Conflicts & War

‘None of us want to go to war’: Russians flee to Georgia amid mobilization

By Misha Vignanski

Stepantsminda, Georgia, Sep 27 (EFE).- The fear of being called to war after the Kremlin announced a partial mobilization last week has prompted tens of thousands of Russian men of military age to flee the country.

Vyacheslav and Alexei are just two of the thousands of young men who have crossed the border into Georgia.

“I did my military service and I could be mobilized to fight against Ukraine, but I don’t want that, for what or for who do I have to do it?” Vyacheslav, 33, who has crossed the border from North Ossetia into Georgia, tells Efe.

The young man left his wife and children back home in Sochi, a beach resort city on the Black Sea.

“I will try to bring them to Georgia as soon as possible, but first I have to start working and rent a flat,” he says.

Although Sochi isn’t too far from the Georgian border, it took Vyacheslav three days to reach Tbilisi.

The 33-year-old did most of the trip from Sochi to the Verkhny Lars crossing by car, apart from the last 20 kilometers, which he decided to do by foot.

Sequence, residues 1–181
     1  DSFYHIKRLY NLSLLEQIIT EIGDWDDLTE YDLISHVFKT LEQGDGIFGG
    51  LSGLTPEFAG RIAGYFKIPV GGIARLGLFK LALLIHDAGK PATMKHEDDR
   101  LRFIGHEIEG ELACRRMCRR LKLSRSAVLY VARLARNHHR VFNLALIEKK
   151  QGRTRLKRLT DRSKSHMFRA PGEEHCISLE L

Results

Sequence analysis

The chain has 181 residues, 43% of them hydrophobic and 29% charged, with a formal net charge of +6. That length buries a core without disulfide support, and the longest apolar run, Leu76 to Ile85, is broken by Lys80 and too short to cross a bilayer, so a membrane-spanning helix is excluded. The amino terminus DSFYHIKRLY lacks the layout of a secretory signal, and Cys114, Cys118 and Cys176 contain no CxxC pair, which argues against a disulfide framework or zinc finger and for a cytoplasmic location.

“There was a massive queue of cars waiting to cross the border,” he says.

According to official statistics, over 5,500 cars were waiting to cross the Verkhny Lars border point on Tuesday.

“You can buy a bicycle or a scooter for about 15,000-25,000 roubles ($250-430 dollars) and avoid the traffic jam, but I decided to save the money and walk,” he adds.

Alexei, 30, did a similar journey from the Siberian city of Omsk to Verkhny Lars.

“I don’t have a family but I’m of fighting age and I don’t want to kill or be killed,” he tells Efe.

The young man and his colleagues managed to rent a flat in Tbilisi over the internet.

“It cost us $1,100 per month, although the owner of the flat told us that before the Russians arrived, the price was $400,” Alexei says.

According to Georgia’s interior minister, some 10,000 Russians are entering Georgia every day, a 45% increase compared to before September 21, when president Vladimir Putin announced the mobilization.

“I have crossed the border and now I can relax. I know that they want to open a mobilization point at the border crossing soon, but I was able to cross in time,” Denis, 33, who left his wife and three children back home in Belgorod, tells Efe.

“None of us want to go to war,” he says.

The mass exodus of Russians has generated controversy in Georgia, a country that has not forgotten the 2008 Russo-Georgian war, which ended with Tbilisi losing control over the regions of Abkhazia and South Ossetia, today controlled by Russian-backed separatists.

“Today the Russians say they love us, while until yesterday they were fighting with us,” historian Tamta Shonvadze says.

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